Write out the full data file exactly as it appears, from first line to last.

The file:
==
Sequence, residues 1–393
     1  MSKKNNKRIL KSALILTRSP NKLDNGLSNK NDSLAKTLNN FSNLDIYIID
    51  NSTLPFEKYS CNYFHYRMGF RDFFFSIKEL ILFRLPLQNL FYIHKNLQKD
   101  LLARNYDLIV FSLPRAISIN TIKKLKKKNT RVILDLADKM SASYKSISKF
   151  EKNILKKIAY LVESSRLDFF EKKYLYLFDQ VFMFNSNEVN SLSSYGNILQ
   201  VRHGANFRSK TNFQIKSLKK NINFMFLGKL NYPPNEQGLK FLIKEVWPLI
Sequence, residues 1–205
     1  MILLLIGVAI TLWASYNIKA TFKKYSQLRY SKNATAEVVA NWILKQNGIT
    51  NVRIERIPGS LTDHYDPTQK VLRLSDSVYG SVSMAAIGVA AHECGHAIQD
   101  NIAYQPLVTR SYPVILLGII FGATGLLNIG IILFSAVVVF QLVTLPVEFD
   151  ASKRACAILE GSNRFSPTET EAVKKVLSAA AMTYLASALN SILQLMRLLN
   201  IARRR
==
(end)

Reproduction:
Sequence, residues 1–393
     1  MSKKNNKRIL KSALILTRSP NKLDNGLSNK NDSLAKTLNN FSNLDIYIID
    51  NSTLPFEKYS CNYFHYRMGF RDFFFSIKEL ILFRLPLQNL FYIHKNLQKD
   101  LLARNYDLIV FSLPRAISIN TIKKLKKKNT RVILDLADKM SASYKSISKF
   151  EKNILKKIAY LVESSRLDFF EKKYLYLFDQ VFMFNSNEVN SLSSYGNILQ
   201  VRHGANFRSK TNFQIKSLKK NINFMFLGKL NYPPNEQGLK FLIKEVWPLI
Sequence, residues 1–205
     1  MILLLIGVAI TLWASYNIKA TFKKYSQLRY SKNATAEVVA NWILKQNGIT
    51  NVRIERIPGS LTDHYDPTQK VLRLSDSVYG SVSMAAIGVA AHECGHAIQD
   101  NIAYQPLVTR SYPVILLGII FGATGLLNIG IILFSAVVVF QLVTLPVEFD
   151  ASKRACAILE GSNRFSPTET EAVKKVLSAA AMTYLASALN SILQLMRLLN
   201  IARRR